By LEANDRA ROLLE
Tribune Staff Reporter
HURRICANE Dorian survivors stuck in the US amid the COVID-19 pandemic say they feel abandoned by the government after receiving no response from embassy or government officials on when they will be allowed to return home.
This comes after Prime Minister Dr Hubert Minnis on Sunday suspended the repatriation exercises after revealing a Grand Bahama passenger who flew in had tested positive for the virus.
After being stuck in Florida for several weeks, one storm victim, who only wanted to be identified as Ms Lanes, told The Tribune yesterday she is anxious to return to her home in Abaco.
She said she is among some 50 Abaco residents who have been reaching out to various officials to receive assistance on the matter, but to no avail.
The situation, she said, has left them frustrated and in desperate need of answers on when repatriation flights will resume to the country.
“I have reached out to the Consulate and haven’t gotten a response. No one answers the phone so as of this moment no assistance has been afforded to me,” she said. “It’s approximately 50 plus (of us) that are here. (We keep in contact) on mostly Facebook and WhatsApp.
“James Albury (Central and South Abaco MP) requested us to email him for him to assist us, but no one has received a response. He posted a letter on Facebook requesting us to email him and call the closest Consulate and we’ve done that - but nothing, haven’t received any response.”
Ms Lanes said she has been travelling “back and forth” between Abaco and Florida since the deadly storm ripped her home apart in early September. However, she said a quick trip to see her kids in March resulted in her being stuck in the US.
She said: “My kids and I are here but some extended family/friends are all over the Palm Beach County area. We are on a stay-at-home order here in Florida (and) only go out for necessities.
“I came right after the storm and I’ve been back and forth trying to clean up the damage from our destroyed home. My kids stayed with family in the US since September, I came back in March for a visit and got stuck here when they shut the borders.”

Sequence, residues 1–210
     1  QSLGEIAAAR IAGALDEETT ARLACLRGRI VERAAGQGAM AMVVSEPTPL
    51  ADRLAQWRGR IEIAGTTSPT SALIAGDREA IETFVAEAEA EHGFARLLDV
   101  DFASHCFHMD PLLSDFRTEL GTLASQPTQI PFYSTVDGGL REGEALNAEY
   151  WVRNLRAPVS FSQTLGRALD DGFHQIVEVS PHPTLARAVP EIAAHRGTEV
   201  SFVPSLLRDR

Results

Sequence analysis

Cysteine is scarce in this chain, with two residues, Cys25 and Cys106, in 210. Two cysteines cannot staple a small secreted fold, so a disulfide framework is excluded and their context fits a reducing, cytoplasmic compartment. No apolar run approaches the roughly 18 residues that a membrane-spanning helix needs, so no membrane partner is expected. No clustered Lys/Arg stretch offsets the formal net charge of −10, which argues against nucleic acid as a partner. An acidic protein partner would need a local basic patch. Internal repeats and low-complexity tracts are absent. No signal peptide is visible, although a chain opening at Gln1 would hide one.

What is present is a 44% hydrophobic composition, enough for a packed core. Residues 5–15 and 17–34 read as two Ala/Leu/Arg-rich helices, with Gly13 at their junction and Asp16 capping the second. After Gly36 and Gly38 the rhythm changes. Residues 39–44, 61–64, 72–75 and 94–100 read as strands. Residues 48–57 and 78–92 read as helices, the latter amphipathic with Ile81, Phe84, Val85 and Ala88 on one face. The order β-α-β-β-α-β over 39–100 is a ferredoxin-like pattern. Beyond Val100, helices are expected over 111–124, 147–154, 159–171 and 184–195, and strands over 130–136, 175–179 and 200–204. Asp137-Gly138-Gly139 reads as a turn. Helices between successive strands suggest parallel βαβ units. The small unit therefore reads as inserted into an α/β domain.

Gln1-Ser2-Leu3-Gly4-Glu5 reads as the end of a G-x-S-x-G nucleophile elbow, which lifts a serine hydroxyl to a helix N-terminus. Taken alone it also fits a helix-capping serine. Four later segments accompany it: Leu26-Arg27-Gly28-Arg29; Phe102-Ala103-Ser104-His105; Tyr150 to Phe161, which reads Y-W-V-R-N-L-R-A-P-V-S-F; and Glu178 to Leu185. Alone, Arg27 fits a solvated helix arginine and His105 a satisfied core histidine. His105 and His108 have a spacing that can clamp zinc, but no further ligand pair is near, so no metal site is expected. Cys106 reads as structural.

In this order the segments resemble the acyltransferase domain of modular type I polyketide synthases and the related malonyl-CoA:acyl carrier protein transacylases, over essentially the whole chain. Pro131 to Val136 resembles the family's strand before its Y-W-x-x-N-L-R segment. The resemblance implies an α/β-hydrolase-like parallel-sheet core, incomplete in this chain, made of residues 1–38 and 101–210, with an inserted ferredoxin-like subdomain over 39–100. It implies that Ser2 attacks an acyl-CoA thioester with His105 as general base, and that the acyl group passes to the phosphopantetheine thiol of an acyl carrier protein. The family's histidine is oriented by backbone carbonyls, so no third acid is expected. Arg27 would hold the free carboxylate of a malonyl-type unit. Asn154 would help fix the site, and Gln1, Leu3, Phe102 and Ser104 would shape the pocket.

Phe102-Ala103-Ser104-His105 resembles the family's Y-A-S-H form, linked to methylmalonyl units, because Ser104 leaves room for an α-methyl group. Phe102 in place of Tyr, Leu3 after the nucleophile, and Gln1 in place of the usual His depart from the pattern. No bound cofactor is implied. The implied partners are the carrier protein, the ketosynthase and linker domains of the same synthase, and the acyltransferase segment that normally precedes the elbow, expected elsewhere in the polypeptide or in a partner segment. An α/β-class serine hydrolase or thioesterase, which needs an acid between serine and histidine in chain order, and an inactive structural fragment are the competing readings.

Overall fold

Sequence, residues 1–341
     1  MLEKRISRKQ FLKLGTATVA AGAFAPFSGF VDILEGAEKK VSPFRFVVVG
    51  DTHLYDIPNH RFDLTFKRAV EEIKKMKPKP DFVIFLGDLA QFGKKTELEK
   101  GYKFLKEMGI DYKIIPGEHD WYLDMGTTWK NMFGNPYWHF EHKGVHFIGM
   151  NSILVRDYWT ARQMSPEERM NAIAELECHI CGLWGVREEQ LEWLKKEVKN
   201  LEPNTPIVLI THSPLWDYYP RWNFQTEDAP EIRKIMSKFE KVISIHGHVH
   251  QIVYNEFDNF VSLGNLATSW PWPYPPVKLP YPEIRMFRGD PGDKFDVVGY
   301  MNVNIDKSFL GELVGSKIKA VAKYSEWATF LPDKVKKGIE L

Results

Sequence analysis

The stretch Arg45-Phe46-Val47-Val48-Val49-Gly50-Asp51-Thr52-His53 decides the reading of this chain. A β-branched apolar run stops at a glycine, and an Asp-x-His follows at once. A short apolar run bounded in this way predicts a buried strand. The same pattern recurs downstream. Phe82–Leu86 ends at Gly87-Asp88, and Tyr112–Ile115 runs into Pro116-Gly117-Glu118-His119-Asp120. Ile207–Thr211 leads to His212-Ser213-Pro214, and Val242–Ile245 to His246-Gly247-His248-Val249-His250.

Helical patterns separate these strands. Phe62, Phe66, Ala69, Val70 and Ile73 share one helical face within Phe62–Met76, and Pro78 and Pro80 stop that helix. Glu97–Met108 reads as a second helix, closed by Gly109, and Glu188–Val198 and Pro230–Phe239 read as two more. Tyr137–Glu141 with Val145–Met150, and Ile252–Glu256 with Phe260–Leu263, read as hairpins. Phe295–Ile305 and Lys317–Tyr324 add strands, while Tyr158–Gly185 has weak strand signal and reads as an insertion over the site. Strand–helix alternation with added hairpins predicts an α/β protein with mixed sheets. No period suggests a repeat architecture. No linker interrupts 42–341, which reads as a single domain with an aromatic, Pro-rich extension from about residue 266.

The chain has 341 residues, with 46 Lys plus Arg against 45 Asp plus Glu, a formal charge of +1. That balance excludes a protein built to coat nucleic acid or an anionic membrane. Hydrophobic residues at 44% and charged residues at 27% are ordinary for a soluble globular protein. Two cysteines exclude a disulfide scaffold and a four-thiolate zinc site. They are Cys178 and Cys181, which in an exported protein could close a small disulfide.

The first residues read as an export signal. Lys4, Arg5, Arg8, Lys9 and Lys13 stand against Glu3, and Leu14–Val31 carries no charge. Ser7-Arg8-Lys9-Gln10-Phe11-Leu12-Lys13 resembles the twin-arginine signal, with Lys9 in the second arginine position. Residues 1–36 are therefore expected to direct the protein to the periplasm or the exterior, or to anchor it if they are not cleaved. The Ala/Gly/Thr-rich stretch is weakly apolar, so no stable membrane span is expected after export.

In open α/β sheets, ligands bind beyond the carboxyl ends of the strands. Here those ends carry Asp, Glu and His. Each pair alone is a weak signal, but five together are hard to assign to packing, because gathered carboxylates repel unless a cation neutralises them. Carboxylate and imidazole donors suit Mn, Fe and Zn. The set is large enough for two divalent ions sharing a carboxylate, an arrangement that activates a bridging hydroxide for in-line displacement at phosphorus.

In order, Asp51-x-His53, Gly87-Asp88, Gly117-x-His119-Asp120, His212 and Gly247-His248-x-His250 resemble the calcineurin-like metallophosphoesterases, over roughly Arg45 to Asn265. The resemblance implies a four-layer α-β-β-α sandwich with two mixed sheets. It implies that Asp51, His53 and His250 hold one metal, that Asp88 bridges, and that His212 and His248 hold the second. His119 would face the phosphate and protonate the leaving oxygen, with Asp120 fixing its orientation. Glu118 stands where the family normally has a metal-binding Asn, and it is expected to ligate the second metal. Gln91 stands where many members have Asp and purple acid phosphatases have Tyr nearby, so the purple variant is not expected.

As for the other remaining victims, Ms Lanes said some residents found themselves stuck in the country after seeking medical attention.
Others, she suggested, were storm victims who left the island in the immediate aftermath of Dorian and have yet to return.
“I think it’s a mix, some like myself, have been back and forth when they can to stay and clean up and or do repairs because most people don’t have anywhere to stay except with friends or family while they do repairs as they can,” she said.
“I know there are some that came for medical purposes and got stuck as well.”
The government closed the country’s borders in late March in an effort to combat the spread of COVID-19.
However, after facing controversy for allowing six permanent American residents into the country during the lockdown who brought COVID-19 test supplies but were not tested before entry, the government repatriated nearly 200 Bahamians stuck abroad amid the pandemic.
On Sunday, Dr Minnis said a person who tested positive for COVID-19 was among the 183 residents who returned to the country on Friday, prompting a suspension of repatriation exercises.
The passenger has since tested negative for COVID-19, the Ministry of Health reported on Tuesday night.
However, it is not clear when repatriation flights will resume, with Bahamas Consul General Linda Treco-Mackey telling The Tribune yesterday officials are still awaiting an update from Dr Minnis on the matter.
For the Dorian survivors, this issue is also compounded with not knowing where they will be allowed to quarantine upon return.
“We don’t want to go to Nassau or Grand Bahama to quarantine, we want to go directly to Abaco,” Ms Lanes told The Tribune. “It seems Nassau and Grand Bahama have been helped but Abaconians have been left in the cold once again.”